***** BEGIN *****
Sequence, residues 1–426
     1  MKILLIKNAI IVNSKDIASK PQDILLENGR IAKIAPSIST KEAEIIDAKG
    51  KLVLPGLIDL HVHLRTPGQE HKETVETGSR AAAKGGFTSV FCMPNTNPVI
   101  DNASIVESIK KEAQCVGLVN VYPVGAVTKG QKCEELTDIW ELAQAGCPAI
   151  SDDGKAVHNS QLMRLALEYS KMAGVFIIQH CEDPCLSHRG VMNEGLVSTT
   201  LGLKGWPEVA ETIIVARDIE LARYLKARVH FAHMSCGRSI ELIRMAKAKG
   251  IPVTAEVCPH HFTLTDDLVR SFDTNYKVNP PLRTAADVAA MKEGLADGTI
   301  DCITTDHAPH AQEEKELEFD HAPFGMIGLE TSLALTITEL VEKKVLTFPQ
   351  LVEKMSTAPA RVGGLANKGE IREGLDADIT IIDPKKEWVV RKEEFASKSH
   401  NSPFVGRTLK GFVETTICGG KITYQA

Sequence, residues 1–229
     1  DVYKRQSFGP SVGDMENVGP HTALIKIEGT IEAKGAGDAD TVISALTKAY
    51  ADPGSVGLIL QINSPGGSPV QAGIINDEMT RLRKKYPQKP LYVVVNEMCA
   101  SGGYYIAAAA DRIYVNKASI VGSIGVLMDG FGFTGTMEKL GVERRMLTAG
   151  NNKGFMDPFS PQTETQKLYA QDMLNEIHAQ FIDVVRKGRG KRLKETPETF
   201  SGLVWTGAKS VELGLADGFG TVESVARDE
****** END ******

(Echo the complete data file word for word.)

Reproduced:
Sequence, residues 1–426
     1  MKILLIKNAI IVNSKDIASK PQDILLENGR IAKIAPSIST KEAEIIDAKG
    51  KLVLPGLIDL HVHLRTPGQE HKETVETGSR AAAKGGFTSV FCMPNTNPVI
   101  DNASIVESIK KEAQCVGLVN VYPVGAVTKG QKCEELTDIW ELAQAGCPAI
   151  SDDGKAVHNS QLMRLALEYS KMAGVFIIQH CEDPCLSHRG VMNEGLVSTT
   201  LGLKGWPEVA ETIIVARDIE LARYLKARVH FAHMSCGRSI ELIRMAKAKG
   251  IPVTAEVCPH HFTLTDDLVR SFDTNYKVNP PLRTAADVAA MKEGLADGTI
   301  DCITTDHAPH AQEEKELEFD HAPFGMIGLE TSLALTITEL VEKKVLTFPQ
   351  LVEKMSTAPA RVGGLANKGE IREGLDADIT IIDPKKEWVV RKEEFASKSH
   401  NSPFVGRTLK GFVETTICGG KITYQA

Sequence, residues 1–229
     1  DVYKRQSFGP SVGDMENVGP HTALIKIEGT IEAKGAGDAD TVISALTKAY
    51  ADPGSVGLIL QINSPGGSPV QAGIINDEMT RLRKKYPQKP LYVVVNEMCA
   101  SGGYYIAAAA DRIYVNKASI VGSIGVLMDG FGFTGTMEKL GVERRMLTAG
   151  NNKGFMDPFS PQTETQKLYA QDMLNEIHAQ FIDVVRKGRG KRLKETPETF
   201  SGLVWTGAKS VELGLADGFG TVESVARDE